Pianist Kirill Gerstein Review – A Spectacular Performance at Symphony Center

The final concert in the Chicago Symphony Orchestra piano series at Symphony Center concluded on June 11, 2017 with pianist Kirill Gerstein in a spectacular performance.  Gerstein website tells more.

Kirill Gerstein

Gerstein’s early training and experience in jazz contributed a unique approach to each of the works on the program.  He was born in Voronezh, southwestern Russia, and studied piano at a special music school for gifted children.  As he was studying classical music, he also taught himself to play jazz by listening to his parents’ extensive record collection.

 

Kirill Gerstein

When he was 14, Mr. Gerstein came to the United States to study jazz piano as the youngest student ever to attend Boston’s Berklee College of Music. After completing his studies in three years and following his second summer at the Boston University program at Tanglewood, Mr. Gerstein turned his focus back to classical music and moved to New York City to attend the Manhattan School of Music, where he studied with Solomon Mikowsky and earned both Bachelors and Masters of Music degrees by the age of 20. He continued his studies in Madrid with Dmitri Bashkirov and in Budapest with Ferenc Rados. An American citizen since 2003, Mr. Gerstein now divides his time between the United States and Germany.

 

Kirill Gerstein

Each of the works presented offered an opportunity for amazing technique. 

Bach Four Duets, BWV 802-805
Brahms Sonata No. 2 in F-sharp Minor, Op. 2
Liszt Transcendental Etudes

 

Bach Four Duets, BWV 802-805

The clarity presented in his playing of the Bach Duets was noteworthy. The program notes point out that the Duets are “examples of the most pure, masterful, and profound plane that the art of counterpoint has ever reached, exciting more pleasures in the mind and more resonances in the heart than it seems possible to capture in just two unadorned ribbons of notes.”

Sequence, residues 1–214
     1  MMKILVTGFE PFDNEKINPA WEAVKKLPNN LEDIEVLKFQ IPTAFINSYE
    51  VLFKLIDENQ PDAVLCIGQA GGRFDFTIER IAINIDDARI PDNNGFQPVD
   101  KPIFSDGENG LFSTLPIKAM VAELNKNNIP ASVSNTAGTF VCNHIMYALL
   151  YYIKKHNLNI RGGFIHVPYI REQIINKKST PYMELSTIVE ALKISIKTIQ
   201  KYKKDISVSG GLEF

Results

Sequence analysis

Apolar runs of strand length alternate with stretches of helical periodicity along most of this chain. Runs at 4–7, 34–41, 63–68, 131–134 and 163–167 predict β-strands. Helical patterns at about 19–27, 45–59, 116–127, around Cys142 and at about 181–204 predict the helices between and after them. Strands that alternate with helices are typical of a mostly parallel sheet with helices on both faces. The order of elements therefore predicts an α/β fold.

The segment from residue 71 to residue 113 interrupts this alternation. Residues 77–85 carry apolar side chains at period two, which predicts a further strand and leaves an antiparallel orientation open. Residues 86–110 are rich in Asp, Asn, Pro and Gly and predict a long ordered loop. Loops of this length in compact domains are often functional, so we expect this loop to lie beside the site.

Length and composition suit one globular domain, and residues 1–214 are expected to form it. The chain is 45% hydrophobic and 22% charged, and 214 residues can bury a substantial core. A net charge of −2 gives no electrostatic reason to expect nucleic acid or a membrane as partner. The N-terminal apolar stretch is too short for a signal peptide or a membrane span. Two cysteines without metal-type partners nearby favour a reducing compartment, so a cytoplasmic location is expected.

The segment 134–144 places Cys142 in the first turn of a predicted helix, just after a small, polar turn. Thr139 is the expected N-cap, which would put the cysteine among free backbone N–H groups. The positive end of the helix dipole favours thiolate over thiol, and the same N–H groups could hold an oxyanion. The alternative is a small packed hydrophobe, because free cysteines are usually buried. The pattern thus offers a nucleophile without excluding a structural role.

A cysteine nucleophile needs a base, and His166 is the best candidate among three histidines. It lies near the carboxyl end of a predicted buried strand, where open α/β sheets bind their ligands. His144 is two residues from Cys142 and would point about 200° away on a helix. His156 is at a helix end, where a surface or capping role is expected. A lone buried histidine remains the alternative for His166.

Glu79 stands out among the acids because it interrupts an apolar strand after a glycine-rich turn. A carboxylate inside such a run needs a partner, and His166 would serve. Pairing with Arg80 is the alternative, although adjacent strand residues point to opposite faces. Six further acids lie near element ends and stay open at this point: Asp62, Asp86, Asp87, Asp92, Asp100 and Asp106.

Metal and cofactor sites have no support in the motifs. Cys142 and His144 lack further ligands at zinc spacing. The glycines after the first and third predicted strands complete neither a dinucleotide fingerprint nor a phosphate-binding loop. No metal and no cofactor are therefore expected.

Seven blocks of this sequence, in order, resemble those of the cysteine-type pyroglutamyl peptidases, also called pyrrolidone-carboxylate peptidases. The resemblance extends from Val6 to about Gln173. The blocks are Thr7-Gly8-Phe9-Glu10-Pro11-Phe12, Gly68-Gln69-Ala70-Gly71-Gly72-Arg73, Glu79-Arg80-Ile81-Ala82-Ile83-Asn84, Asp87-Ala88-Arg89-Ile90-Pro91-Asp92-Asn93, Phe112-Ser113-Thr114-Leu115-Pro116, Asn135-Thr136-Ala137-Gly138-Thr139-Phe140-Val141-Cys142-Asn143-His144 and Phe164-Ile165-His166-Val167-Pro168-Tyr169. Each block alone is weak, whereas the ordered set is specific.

Brahms Sonata No. 2 in F-sharp Minor, Op. 2

 

I typically don’t think of the works of Brahms in the way that this work began, with power and sweep and hands that moved so quickly across the keyboard you could barely see them but only a rapid movement.  This Allegro ma non troppo ma energico based on a turbulent main theme was thrilling to hear.  The Andante con espressione was gentler and deeply moving.  The entire work in Gerstein’s hands was memorable. 

 

Brahms spent a significant time with Robert and Clara Schumann; his compositions were influenced by that interaction. The Sonata in F-sharp minor, op. 2, was dedicated to Clara as “a small mark of esteem and gratitude.”

 

Kirill Gerstein

 

Liszt's Transcendental Etudes followed the intermission. First composed when Liszt was 17 in 1826, they were revised and somewhat simplified in 1837–38, and 1851.  Liszt was struck by the complexity of Paganini’s playing and reflected the “flamboyant brilliance of Paganini’s playing in terms of the keyboard in his second movement." These works are so difficult that Robert Schumann thought only ten or twelve people in the world would be able to play them. I feel certain that Schumann would have ranked Kirill Gerstein among them. What an outstanding performance by Gerstein!  The thrilled and exhausted audience clapped on and on and went home knowing they had heard an amazing work performed by an outstanding pianist.

 

Information about all CSO programs can be found at the CSO website.

 

Photos: Marco Borggreve

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